By Rattus Norvegicus
The eighth annual faculty and staff art show was held on Nov. 13 at Algonquin.
The show featured art from various members of the college staff, with live music and refreshments.
“It’s good for students to see that their faculty knows what they’re speaking about,” said Nancy Boughner, 54. Boughner is the assistant to the dean of the media and design faculty and organized this year’s show and has been helping to organize since the third annual show.
The most exciting aspect for Boughner is being able to see the artistic vision of her co-workers.
“Just getting to see the talent, you know? You see these faculty all the time – just the work that they can do, it’s amazing,” she said.
“And every year we get something different; it can run the gamut from sculptures to games – one year we had a board game, one year we had one that used 3D glasses.”
The house band changes each year, though it maintains a core of two or three consistent members year to year, including Media and Design Dean Russ Mills. Some of the members of the house band had also contributed visual art pieces to the show.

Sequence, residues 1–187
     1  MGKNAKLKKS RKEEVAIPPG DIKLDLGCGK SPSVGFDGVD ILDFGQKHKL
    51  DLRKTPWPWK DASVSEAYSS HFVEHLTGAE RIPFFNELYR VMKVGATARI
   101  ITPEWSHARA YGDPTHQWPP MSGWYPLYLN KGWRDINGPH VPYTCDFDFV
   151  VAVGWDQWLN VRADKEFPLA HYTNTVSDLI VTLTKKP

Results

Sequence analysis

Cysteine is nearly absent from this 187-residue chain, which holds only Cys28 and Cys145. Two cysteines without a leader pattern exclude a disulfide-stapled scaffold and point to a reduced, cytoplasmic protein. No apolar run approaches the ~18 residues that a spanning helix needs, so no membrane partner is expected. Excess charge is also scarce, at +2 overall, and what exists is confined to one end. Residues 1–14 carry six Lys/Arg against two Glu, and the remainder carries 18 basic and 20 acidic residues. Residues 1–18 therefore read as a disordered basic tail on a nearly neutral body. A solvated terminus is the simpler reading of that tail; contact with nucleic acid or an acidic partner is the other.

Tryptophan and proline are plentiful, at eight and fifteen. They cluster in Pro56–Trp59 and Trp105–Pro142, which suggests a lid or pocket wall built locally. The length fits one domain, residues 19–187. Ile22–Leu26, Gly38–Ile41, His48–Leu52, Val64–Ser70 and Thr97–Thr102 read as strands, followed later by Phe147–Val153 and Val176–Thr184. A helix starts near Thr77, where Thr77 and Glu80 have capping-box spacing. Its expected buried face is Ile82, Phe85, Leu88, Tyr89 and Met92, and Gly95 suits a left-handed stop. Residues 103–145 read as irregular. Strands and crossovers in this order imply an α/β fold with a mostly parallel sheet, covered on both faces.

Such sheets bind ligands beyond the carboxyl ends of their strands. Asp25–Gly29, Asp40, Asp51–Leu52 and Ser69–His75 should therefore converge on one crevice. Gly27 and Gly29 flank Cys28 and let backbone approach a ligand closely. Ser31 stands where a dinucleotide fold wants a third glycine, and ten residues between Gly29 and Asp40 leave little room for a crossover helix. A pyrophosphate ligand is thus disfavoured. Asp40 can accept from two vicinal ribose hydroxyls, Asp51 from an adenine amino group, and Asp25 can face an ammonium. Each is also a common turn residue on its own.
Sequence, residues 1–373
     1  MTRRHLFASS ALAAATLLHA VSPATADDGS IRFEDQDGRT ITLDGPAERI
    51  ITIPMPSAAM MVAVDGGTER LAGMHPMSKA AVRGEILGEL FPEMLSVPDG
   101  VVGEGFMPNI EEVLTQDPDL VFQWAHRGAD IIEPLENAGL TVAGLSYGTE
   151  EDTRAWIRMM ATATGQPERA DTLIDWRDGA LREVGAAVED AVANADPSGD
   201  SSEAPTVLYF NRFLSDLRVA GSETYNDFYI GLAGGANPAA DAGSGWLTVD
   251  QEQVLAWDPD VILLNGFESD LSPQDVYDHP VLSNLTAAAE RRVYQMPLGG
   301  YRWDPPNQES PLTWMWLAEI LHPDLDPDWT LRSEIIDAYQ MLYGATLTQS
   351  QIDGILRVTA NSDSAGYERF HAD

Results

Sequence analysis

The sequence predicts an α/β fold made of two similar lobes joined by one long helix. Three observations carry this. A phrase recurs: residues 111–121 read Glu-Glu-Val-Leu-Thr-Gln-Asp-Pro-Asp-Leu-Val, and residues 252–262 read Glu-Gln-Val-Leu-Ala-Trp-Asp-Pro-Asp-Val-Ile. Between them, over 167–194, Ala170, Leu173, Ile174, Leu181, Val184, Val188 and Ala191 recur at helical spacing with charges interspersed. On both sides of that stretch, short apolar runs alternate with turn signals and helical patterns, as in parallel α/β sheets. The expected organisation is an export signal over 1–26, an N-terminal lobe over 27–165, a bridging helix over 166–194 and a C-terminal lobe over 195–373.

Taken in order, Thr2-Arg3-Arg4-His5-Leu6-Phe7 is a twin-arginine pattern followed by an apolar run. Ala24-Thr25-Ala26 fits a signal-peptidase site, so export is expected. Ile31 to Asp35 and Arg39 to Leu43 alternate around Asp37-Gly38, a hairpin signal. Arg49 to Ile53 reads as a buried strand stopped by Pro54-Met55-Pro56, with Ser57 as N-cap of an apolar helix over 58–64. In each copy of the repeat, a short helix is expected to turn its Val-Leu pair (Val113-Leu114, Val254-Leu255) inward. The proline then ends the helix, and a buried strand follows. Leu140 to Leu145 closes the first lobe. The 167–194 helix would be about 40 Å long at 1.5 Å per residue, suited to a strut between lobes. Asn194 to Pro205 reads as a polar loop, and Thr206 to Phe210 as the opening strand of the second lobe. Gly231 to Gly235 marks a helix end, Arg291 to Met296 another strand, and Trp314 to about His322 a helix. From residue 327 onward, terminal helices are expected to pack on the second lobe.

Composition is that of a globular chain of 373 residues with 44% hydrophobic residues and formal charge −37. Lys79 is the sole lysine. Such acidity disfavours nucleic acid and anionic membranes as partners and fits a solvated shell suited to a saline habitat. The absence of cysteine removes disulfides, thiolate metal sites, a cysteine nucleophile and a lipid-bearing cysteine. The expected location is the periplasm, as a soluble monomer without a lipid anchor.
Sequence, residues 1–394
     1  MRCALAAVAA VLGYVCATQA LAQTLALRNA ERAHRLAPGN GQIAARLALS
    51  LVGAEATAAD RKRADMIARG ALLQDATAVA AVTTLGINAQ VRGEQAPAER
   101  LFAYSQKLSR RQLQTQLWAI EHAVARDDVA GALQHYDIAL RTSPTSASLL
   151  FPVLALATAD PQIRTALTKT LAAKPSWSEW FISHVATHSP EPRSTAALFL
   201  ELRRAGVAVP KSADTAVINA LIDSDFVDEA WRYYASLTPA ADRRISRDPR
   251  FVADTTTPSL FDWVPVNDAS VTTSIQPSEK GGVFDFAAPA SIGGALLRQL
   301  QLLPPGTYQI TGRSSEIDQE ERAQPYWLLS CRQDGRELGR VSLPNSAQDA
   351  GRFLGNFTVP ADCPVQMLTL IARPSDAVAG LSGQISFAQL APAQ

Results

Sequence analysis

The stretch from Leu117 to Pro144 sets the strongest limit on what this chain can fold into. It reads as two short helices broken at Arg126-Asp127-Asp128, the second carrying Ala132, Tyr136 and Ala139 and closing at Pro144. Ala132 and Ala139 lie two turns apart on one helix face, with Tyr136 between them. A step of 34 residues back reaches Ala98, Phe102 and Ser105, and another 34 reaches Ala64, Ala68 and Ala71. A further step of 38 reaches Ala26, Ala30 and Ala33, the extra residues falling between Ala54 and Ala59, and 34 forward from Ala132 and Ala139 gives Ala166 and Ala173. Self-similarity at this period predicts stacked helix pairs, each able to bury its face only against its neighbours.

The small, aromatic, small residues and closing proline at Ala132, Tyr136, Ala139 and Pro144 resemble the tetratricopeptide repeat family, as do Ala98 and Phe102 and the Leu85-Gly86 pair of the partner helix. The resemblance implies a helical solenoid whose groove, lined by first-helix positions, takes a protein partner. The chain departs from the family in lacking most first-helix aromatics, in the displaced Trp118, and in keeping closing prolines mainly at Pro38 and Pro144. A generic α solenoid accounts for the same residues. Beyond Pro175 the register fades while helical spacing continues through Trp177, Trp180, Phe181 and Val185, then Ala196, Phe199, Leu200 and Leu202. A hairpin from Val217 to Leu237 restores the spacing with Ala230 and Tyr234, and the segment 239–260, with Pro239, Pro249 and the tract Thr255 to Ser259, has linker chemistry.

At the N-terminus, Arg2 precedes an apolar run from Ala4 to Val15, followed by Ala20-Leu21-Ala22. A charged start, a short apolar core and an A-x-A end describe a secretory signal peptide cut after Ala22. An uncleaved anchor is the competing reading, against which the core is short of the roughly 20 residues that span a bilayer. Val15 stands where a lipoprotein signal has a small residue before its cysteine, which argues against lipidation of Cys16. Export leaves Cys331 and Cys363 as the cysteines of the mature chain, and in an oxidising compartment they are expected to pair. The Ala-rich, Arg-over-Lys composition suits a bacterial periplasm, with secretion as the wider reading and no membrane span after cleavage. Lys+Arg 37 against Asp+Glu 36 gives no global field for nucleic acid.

David Bromley, the coordinator and a professor of the graphic design course, had numerous pieces featured in the show.
“It’s based on Mexican folk art,” Bromley said, describing his art style. Each piece has a wooden board for a base and consists of various pieces of coloured yarn arranged onto the board into images, held into place by glue.
“I’ve been doing Canadian wildlife themes,” he said. “It’s time consuming, but it’s very relaxing. Very therapeutic to do.” Bromley was influenced by a trip to a Mexican art gallery where he first witnessed the style.
On top of graphic design and visual arts, which he does professionally, Bromley also plays the banjo ukulele. He performed at the show with the house band.
His artistic lifestyle spans back to his childhood.
“I always did art as a kid, but that’s what they all say,” he said with a laugh. Upon seeing an advertisement promising $20,000 a year, he decided that graphic design was his calling.
“Being able to make a living through my art is what got me into it,” he explained. “Being able to make a living doing something I love to do.”